But in a decision earlier this month, the Court of Cassation’s Supreme Court of Appeals upheld rulings by lower tribunals that Traore cannot stand trial because he was too high on marijuana to be criminally responsible for his actions.
Some 25,000 protesters, many of them Jewish, gathered in Paris to demand justice for Halimi.
Under the banner of “Justice for Sarah Halimi,” the rally at Trocadero Square overlooking the Eiffel Tower reflected the widespread indignation of many French Jews at the April 14 ruling by their country’s highest court.
It was held under tight security arrangements in a cordoned-off enclosure where the Jewish umbrella group CRIF played a video on a giant screen in which French Chief Rabbi Haim Korsia demanded another “trial of facts,” even if it ends without sentencing of Traore.
The rally Sunday was the first time in decades that a large number of French Jews gathered to protest against organs or actions of the French state.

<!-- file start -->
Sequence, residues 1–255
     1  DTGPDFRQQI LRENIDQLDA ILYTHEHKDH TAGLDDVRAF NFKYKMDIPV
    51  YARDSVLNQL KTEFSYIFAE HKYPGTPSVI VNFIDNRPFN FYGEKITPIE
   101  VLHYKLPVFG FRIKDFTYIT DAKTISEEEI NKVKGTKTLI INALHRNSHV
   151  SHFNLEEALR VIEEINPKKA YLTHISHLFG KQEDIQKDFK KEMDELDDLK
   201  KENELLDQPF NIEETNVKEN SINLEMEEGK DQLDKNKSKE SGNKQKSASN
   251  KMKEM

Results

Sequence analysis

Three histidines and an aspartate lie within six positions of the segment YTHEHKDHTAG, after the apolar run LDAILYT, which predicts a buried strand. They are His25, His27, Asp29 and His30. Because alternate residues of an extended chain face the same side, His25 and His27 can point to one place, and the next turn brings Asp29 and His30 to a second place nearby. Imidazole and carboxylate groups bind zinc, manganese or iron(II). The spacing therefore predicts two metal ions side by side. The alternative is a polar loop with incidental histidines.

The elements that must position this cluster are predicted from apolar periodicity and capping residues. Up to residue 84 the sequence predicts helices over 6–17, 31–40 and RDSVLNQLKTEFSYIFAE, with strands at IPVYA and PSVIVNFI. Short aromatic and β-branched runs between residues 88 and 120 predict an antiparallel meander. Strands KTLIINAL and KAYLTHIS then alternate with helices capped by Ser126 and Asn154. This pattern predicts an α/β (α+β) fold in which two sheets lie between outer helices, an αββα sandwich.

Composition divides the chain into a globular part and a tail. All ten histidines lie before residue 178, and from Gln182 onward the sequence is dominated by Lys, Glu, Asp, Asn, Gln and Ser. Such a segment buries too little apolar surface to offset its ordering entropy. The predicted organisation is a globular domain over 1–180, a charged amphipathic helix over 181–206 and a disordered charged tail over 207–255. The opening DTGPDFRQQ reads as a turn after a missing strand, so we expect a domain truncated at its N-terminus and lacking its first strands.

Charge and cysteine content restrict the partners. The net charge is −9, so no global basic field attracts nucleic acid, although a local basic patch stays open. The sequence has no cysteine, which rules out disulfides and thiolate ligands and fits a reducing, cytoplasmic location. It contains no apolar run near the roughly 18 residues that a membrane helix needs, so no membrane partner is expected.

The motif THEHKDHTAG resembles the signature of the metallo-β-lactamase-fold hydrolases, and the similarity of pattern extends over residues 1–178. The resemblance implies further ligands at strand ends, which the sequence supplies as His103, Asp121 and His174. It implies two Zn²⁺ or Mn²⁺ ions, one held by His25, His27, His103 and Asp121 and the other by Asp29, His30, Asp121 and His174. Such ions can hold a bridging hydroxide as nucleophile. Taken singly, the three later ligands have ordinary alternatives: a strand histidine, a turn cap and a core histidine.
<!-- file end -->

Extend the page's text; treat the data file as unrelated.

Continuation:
“The clamor has risen and hope has returned. That hope is all of you here,” Halimi’s brother William Attal told a crowd of several thousand at the Trocadero esplanade in Paris.
The MP who leads Macron’s Republic on the Move party, Christophe Castaner, addressed the protest, which was also attended by opposition leaders and by several well-known actors.
Jacques Essebag, a French-Jewish comedian who is known by the stage name Arthur, in a video message said he has “decided to start using drugs because in France you can do whatever you want, even kill your neighbor if you don’t like her, if you use drugs.” He then added: “What has become of this country?”
Former French first lady Carla Bruni, wife of Nicolas Sarkozy, also appeared at the Paris rally, as did Mayor Anne Hidalgo, who said the city would soon name a street in Halimi’s memory.